ICBC Ordered To Pay “Accelerated Depreciation” Damages Following Vehicle Collision

As I’ve previously written, when a vehicle is involved in a crash and is then repaired it is generally worth less than it would be had it not been damaged.  The reason for this is quite simple.  When a buyer is looking to purchase a used vehicle, those that have previously been damaged and repaired carry a stigma.  This stigma generally results in a lower resale value.

If you are the victim of a crash and your vehicle is repaired but now worth less the loss can be legally recoverable from the at-fault driver.  The claim would be for ‘accelerated depreciation‘.  Reasons for judgement were published this week by the BC Supreme Court, Vancouver Registry, dealing with such a claim.

In the recent case (Jiwa v. Xu) the Plaintiff was involved in a 2017 collision.  The Defendant admitted fault.  The Plaintiff was operating a brand new 2017 BMW 530i which was purchased shortly before the collision for $77,127.50.

The crash was significant resulting in  over $31,000 of repair costs.  After the vehicle was repaired the Plaintiff traded it back to the dealership for $50,000.  The Plaintiff sued to recover damages for the ‘accelerated depreciation‘.

In accepting the claim and ordering that $13,500 be paid for the loss Madam Justice Murray provided the following reasons:

[23]         Taking into account all of the evidence I find that the BMW did depreciate when it was driven off the lot. That leaves the question of how much. In my view Mr. Scarrow is too high and Mr. Cino too low. The right amount is somewhere in between.

[24]         In my view a reasonable amount of immediate depreciation is $10,000.

[25]         With respect to the ACV I do not accept Mr. Cino’s definition. It is well known that a person generally gets less for their car “selling” or trading it in to a car dealer than selling it privately. In this case however given the amount of damage to the vehicle and the break on tax I accept Mr. Scarrow’s opinion that the plaintiff likely would not have received more in a private sale.

[26]         Finally concerning accelerated depreciation, I do not accept Mr. Cino’s long held opinion that a well repaired vehicle does not suffer accelerated depreciation. I say that this opinion is long held as it was the subject of comment by Grauer J. over eight years ago in Signorello v. Khan, 2010 BCSC 1448:

[16]      While it would be unfair to describe Mr. Cino as an advocate for the party who retained him, he struck me as someone who is certainly an advocate for his position that, in general, a motor vehicle that is damaged in an accident does not suffer accelerated depreciation so long as it is repaired properly. It is a position he has advocated for a long time. As he stated, he set out many years ago to prove that the use of the damage declaration by automobile dealers to reduce the trade-in value of vehicles subject to those declarations, was just a sales tool, and that so long as the vehicles had been repaired properly, they were in fact worth as much as similar vehicles that had not been damaged.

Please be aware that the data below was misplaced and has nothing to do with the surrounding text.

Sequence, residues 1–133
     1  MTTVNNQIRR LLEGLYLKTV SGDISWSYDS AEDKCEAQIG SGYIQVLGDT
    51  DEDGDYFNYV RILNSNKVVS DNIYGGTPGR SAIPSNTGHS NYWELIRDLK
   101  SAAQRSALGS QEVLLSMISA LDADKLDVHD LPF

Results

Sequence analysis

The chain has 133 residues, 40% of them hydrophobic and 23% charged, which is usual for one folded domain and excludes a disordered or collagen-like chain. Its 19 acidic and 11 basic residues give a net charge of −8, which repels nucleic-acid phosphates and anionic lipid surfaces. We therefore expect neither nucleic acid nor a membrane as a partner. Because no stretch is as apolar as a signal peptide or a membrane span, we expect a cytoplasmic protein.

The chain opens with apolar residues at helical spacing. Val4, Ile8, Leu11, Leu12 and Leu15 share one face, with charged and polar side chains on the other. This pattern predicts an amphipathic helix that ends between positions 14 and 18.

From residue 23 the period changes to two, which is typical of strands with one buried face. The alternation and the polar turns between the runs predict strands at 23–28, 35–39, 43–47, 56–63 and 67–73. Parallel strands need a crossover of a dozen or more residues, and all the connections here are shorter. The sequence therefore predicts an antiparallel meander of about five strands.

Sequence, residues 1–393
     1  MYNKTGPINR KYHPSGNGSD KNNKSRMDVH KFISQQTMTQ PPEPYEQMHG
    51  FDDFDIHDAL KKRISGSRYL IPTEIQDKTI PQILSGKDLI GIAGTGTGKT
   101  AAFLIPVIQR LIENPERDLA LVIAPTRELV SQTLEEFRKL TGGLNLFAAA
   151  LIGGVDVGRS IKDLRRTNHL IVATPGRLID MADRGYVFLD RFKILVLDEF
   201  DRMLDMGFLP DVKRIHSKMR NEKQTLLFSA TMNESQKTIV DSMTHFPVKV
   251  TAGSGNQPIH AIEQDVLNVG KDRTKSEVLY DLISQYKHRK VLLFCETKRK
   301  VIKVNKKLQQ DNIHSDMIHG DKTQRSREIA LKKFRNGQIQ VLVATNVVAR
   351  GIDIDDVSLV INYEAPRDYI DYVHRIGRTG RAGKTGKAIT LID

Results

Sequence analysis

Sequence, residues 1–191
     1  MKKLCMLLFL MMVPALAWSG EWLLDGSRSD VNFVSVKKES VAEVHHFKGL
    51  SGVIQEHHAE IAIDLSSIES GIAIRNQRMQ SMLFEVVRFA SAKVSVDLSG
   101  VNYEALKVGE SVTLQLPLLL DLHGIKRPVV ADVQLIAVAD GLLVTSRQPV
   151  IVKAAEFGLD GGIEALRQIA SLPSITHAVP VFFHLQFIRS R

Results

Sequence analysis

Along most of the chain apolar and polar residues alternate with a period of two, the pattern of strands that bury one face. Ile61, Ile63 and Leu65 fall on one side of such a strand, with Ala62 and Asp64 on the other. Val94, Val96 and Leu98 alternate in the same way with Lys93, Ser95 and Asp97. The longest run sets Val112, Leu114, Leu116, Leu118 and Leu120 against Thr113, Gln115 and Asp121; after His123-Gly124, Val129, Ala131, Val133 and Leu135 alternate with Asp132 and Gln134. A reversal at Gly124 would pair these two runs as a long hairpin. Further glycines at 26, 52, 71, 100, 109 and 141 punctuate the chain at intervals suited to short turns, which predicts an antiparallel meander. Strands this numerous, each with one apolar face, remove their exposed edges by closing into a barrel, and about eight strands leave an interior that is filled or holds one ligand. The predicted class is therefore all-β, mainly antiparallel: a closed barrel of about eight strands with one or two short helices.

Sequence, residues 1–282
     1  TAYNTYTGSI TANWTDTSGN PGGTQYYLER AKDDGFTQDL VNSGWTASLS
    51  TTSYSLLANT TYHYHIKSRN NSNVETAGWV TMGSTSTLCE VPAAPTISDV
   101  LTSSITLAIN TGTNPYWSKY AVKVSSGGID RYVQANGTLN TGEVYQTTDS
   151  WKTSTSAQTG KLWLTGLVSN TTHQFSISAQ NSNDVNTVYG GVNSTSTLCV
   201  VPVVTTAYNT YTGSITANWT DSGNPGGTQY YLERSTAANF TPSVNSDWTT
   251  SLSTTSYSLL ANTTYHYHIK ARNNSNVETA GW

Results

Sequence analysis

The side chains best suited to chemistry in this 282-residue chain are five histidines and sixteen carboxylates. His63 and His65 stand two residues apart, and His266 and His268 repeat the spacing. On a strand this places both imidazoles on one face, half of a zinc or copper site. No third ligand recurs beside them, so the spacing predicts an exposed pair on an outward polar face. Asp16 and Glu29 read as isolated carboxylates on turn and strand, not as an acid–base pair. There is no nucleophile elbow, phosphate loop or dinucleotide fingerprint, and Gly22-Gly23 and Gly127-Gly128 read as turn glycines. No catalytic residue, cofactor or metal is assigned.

[17]      To this end, he prepared and published studies in 1998 and 1999 and titled “Accelerated Depreciation in British Columbia”.

[18]      But in my view, the statistics that support his studies are not helpful in solving the problem before us here. There is nowhere near enough data available to be able to extract the proposition for which he contends.

[27]         I accept Grauer J.’s remarks. Not only does Mr. Cino’s opinion fly in the face of common sense, it is also at odds with his evidence at examination for discovery when he testified that most dealers would not want the car on their lot as it has too big a damage declaration on it. The only reasonable inference to be drawn from that comment is that it would be near impossible to sell. That is inconsistent with a car that is good as new.

[28]         Having regard to all of the evidence I find damages for accelerated depreciation to be $13,500 plus taxes.

accelerated depreciation, Jiwa v. Xu, Madam Justice Murray

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ERIK
MAGRAKEN

Personal Injury Lawyer

When not writing the BC Injury Law Blog, Erik is the managing partner at MacIsaac & Company, based in Victoria, B.C. He is also involved with combative sports regulatory issues and authors the Combat Sports Law Blog.

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